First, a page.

International Conference – The Future of EU Enlargement: Judiciary and Fundamental Rights

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Croatia will continue to be a strong advocate of the enlargement process within the Union. The challenging times behind us, but also those ahead of us, show that only a stronger and more resilient Union can respond to the growing challenges of the 21st century.

The conference organised by the European Commission Representation in Croatia and the Ministry of Justice and Public Administration, which was held at the National and University Library from 19 to 20 February, brought together ministers, deputy ministers and experts from Albania, Bosnia and Herzegovina, Montenegro, Georgia, Kosovo, Moldova, North Macedonia and Ukraine.

Judiciary and fundamental rights represents one of the most challenging and complex negotiation chapters, and the speed and duration of the negotiation process in this area have a direct impact on progress in other areas of negotiations with the European Union. Chapter 23 is divided into four main and interrelated areas of competence: judiciary, fight against corruption, fundamental rights and the rights of EU citizens, which can be further subdivided into a number if sub-areas.

Minister Malenica pointed out that, 10 years after the EU accession process, Croatia is proud of all the changes made in the judiciary to meet the accession requirements, emphasizing that reform processes in the judiciary did not stop there.

“Taking into account Croatia’s negotiating experience as well as current trends within the European Union, including on the global geopolitical scene, it will be challenging for all of you in the negotiation process to reach the required standards, as well as to keep the enlargement policy in focus of the Member States of the European Union. Through the EU integration process, countries are and will continue to go through dramatic and comprehensive transformations. It is therefore important to bear in mind that the European Union is not only a union of states, but also a union of citizens, a union of values”, he said.

Acting Head of European Commission Representation Andrea Čović Vidović described the enlargement process as one of the most successful and fruitful policies of the European Union, especially over the last 20 years, with 13 members joining the Union in 2004: Cyprus, Czech Republic, Estonia, Hungary, Malta, Latvia, Lithuania, Poland, Slovakia and Slovenia; Bulgaria and Romania in 2007; and Croatia, as the youngest Member State, in July 2013.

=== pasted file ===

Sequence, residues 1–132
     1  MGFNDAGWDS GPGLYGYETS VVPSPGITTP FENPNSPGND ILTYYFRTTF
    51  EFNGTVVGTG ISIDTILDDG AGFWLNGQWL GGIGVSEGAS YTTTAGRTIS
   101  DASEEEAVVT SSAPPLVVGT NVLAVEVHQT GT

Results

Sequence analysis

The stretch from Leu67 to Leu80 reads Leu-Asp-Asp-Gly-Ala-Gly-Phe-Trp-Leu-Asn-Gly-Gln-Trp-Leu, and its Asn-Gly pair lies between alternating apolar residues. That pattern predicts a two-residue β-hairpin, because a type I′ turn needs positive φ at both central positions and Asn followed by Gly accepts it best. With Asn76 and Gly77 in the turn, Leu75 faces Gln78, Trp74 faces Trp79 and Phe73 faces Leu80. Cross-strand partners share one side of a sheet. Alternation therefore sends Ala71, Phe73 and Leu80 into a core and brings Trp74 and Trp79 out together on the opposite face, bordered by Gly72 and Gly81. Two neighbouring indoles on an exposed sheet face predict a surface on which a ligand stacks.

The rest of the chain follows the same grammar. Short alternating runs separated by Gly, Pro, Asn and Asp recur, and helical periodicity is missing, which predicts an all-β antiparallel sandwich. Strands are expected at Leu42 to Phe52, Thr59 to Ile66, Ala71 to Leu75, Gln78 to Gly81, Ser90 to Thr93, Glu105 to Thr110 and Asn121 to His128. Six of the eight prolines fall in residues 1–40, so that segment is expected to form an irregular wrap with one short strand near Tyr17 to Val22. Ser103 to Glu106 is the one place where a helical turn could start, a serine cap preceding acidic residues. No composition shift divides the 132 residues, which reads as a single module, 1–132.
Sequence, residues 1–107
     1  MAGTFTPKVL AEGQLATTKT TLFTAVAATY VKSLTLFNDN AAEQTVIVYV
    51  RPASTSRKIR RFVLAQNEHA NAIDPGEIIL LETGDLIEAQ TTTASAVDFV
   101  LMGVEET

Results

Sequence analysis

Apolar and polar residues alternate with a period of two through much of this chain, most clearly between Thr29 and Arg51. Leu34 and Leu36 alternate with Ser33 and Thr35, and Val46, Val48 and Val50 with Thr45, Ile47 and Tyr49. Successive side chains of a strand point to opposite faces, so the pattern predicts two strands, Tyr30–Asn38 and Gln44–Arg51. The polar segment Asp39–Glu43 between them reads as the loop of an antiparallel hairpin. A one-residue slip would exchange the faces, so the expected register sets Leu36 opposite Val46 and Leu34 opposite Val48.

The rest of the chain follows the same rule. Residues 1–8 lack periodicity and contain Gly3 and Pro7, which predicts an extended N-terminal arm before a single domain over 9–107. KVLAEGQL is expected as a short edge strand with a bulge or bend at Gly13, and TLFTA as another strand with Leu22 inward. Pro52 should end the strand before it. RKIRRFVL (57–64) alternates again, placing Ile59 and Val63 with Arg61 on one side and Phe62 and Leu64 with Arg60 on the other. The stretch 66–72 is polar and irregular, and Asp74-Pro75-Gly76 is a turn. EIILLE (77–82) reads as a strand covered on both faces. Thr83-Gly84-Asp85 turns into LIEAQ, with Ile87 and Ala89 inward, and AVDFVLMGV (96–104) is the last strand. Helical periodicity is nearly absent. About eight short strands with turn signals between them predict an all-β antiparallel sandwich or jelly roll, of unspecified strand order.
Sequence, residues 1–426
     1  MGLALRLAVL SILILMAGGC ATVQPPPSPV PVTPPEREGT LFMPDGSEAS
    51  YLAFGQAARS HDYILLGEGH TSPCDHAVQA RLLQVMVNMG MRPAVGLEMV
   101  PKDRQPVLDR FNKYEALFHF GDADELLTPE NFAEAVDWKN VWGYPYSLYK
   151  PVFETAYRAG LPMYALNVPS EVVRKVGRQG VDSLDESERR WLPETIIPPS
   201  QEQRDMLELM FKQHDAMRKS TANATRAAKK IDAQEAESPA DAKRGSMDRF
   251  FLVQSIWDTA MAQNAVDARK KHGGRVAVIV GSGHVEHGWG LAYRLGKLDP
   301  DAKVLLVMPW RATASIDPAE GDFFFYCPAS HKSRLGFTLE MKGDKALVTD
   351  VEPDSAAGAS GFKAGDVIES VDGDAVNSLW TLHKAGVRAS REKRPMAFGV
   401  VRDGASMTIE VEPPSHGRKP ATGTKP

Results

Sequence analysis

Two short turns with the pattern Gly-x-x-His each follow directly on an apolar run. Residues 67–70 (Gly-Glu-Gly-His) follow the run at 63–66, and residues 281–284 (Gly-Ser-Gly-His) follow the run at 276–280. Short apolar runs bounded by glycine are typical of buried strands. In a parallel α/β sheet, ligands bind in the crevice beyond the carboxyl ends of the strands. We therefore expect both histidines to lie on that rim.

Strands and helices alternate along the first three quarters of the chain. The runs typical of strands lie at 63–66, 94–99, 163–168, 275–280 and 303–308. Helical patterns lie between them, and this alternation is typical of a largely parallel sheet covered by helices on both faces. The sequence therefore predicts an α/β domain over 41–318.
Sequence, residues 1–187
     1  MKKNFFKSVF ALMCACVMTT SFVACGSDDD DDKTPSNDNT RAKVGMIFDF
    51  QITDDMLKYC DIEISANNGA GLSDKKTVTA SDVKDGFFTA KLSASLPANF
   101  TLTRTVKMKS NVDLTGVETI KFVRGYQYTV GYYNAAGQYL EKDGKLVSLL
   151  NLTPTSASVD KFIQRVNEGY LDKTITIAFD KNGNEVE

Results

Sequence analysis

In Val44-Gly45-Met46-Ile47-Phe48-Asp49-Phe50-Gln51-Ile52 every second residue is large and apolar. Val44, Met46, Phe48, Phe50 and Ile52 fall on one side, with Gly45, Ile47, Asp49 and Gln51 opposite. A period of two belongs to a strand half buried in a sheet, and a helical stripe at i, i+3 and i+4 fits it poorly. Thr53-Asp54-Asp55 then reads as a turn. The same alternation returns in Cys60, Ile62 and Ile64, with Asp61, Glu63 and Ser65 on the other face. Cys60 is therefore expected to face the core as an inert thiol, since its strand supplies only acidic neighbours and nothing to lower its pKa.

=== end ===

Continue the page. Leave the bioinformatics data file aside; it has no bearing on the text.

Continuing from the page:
She reiterated that there was no viable alternative to EU membership for the countries of the Western Balkans, Ukraine, Moldova, Georgia and Türkiye. “There are cultural and historical links, but also geopolitical ones. For the countries of the Western Balkans, Ukraine, Moldova, Georgia and Türkiye, this is a historic opportunity to link their future to the European Union by implementing reforms, especially in the areas of the rule of law, independence of the judiciary, fight against corruption and protection of fundamental human rights", said Čović Vidović.

Čović Vidović reminded that in the current term, since 2020, the European Commission launched a new mechanism - the Rule of Law Report. It monitors the situation in all Member States in four areas: judiciary, fight against corruption, media pluralism and media freedom, and other institutional aspects related to the principle of checks and balances i.e. the separation of powers.

“The prospect EU membership based on merit is a key driver of change, fosters reconciliation and stability across Europe and has the power to encourage and advocate the same even beyond European borders”, concluded the Acting Head of Commission Representation.

Commissioner for Neighbourhood and Enlargement Olivér Várhelyi, in a video message recorded specifically for this ministerial conference, pointed out that enlargement was a strategic issue of the Union that guarantees peace, stability and security, and that the Croatian path of accession to the European Union would remain an inspiration for all countries wanting to join the Union in the future.

In a total of five panel discussions to be held in a closed working format on Monday 19 February and Tuesday 20 February 2024, representatives of the European Commission, the Ministry of Justice and Public Administration and representatives of candidate and potential candidate countries will discuss ways to meet the EU standards in Chapter 23 of membership negotiations, as well as the independence, accountability and efficiency of the judiciary. The panels will also address the fight against and prevention of corruption, the creation of a strategic anti-corruption framework and the strengthening of independent institutions on the path to Union membership.

The panels include ministers of justice of Bosnia and Herzegovina, Montenegro, Georgia, Moldova and Kosovo, deputy ministers of justice of Albania, North Macedonia and Ukraine, along with experts and judicial professionals from these countries, experts from the Commission’s DG Justice and Consumers, DG Neighbourhood and Enlargement Negotiations and DG Migration and Home Affairs, Advisor to the Minister of Justice and Public Administration and associates, a judge of the Constitutional Court of the Republic of Croatia, university professors, experts and advisers in the field of justice.